Dried chiles and hundreds of other ingredients. Dozens of varieties. Aztec techniques. Mesoamerican pantry and spices and products from Spain, the Ottoman Empire, and Africa. The great icon of Mexican cuisine enters a new era.

MEXICO (El País) – Mole is a dish, an enigma, and the banner of a country. It is a treatise on the history and a master class in gastronomic cosmogony—a universe with a space-time universe with Mexico at the center and its culinary physics laws. 

It is difficult to decode and is anything but a mere gastronomic accident. Mexican cuisine is a summit recognized even as an intangible cultural heritage of humanity. Today more than ever, there is a global conversation about it. Its chefs occupy a space in the world. 

Its gastronomy has been updated, but it has done so with reverential respect for tradition, using totemic products and reinterpreting with roots and intelligence a recipe book of popular origin elevated to excellence. Mole is the most iconic creation of Mexican gastronomy. It sinks its roots in the source of time, although it did not jump to what we consider haute cuisine until two decades ago. 

Its pre-Columbian antecedents are the dishes offered to the gods by the Nahua, the native people of Mesoamerica to which the Mexica belonged. However, as we know it today, mole is the breakwater of the pantry of several continents. “Mexico’s cuisine is not indigenous. It is mestizo,” says José N. Iturriaga, a doctor in history and expert in anthropology. “In mole, there are indigenous products such as chiles, tomatoes, cocoa or corn, but also others that came with the Spaniards such as onion, garlic or wheat; all the spices that arrived from the Far East in the Nao of China; those brought by the Spaniards and that had arrived in Spain from the Ottoman Empire, or sesame from North Africa.”

Essentially, mole is just the opposite of orthodoxy. Even etymologically, mole comes from the Aztec root “mulli” (sauce), connected to the Spanish verb “moler.” “Before the Spaniards, there were no fried foods, indispensable in Mexico. There was no pork, and today we use its lard for our best dishes; and even the indigenous barbecue, which is a pre-Hispanic technique, is made with lamb, which the Spaniards also brought,” he says.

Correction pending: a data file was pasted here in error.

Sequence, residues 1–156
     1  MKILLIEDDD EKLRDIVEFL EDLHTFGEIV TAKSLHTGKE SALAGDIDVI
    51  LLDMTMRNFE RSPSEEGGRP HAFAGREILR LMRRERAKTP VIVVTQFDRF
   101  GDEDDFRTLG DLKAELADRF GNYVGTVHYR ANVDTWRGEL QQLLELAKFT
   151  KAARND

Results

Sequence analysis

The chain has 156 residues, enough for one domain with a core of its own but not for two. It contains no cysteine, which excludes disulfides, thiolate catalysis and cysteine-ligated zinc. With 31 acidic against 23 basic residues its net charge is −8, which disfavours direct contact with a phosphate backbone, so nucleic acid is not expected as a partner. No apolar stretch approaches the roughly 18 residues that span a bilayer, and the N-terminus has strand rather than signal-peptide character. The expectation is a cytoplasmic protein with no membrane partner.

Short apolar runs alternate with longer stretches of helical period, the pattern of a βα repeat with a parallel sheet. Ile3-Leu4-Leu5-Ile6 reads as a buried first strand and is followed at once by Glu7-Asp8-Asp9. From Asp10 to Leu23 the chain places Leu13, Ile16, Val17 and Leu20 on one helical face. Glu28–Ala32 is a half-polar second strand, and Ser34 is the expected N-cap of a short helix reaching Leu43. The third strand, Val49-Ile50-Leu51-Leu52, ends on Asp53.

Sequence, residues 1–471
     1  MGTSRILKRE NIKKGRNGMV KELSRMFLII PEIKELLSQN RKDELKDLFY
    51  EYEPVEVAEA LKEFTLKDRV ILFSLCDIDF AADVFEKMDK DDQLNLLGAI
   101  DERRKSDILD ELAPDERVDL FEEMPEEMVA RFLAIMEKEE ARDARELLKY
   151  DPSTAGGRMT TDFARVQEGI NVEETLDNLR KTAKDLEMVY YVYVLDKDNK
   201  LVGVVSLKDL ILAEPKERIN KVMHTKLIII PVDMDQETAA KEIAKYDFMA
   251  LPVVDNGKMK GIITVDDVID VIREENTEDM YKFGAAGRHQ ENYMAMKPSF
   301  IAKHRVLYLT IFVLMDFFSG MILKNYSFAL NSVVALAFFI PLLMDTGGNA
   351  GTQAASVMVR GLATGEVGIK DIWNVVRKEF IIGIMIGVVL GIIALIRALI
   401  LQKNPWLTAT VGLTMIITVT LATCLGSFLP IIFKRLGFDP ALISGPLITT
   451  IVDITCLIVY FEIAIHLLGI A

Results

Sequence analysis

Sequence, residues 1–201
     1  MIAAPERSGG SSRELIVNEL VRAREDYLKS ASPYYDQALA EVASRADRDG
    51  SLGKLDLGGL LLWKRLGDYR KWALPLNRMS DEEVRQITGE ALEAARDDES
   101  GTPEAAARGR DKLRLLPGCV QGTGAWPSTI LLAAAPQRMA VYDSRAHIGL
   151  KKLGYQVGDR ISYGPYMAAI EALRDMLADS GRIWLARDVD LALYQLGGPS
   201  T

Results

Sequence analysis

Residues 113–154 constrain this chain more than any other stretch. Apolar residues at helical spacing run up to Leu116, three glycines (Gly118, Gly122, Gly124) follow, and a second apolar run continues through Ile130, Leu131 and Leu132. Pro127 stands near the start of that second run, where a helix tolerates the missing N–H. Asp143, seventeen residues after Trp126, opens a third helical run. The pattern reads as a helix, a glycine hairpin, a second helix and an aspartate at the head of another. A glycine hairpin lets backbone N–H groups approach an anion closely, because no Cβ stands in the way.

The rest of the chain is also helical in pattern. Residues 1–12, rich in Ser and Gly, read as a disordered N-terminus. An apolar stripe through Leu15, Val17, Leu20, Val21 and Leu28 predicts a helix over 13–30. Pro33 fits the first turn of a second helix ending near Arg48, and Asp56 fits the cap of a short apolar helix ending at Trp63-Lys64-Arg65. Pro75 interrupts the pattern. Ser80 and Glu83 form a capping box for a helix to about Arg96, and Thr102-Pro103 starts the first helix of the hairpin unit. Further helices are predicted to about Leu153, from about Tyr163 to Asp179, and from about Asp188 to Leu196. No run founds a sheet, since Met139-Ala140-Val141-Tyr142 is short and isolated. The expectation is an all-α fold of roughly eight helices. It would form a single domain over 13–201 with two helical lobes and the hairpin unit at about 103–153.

The history of Mexico’s cuisine is back and forth, a weather vane that turns between the Atlantic and the Pacific. Indian curries acquired their extreme spiciness in the 16th century when Mexican chiles arrived. Writer Octavio Paz, fascinated by India, where he was an ambassador representing his native country, found significant similarities between mole and Indian sauce. Although he maintained that Mexican cuisine was diachronic – an evolution of stews and dishes over time – and Indian cuisine was synchronic: superimposition and accumulation of flavors.

Puebla and Oaxaca – states in the center-east and south – are the mothers of mole. Still, it has descendants all over the country: Veracruz, Hidalgo, Guerrero, Chiapas, Tamaulipas, Jalisco, and so on until the map is covered. There is a mole for almost every family, every place, for every intention. Mole pipian, prieto, red, green, michoacano, mole de bodas, mole de tamaulipeco, mole de caderas, mole de olla, mole de chichilo or mole manchamanteles. The list is as long as Mexico is vast.

Almost everything is controversial about this dish. It is a dish so revered and forged in its paradox: the more mestizo, the more authentic—a plea against purity. Mole is a living body. Lalo Plascencia, 38, Mexican chef, researcher and founder of the Center for Gastronomic Innovation of Mexico, faces setting some basic rule that defines this preparation.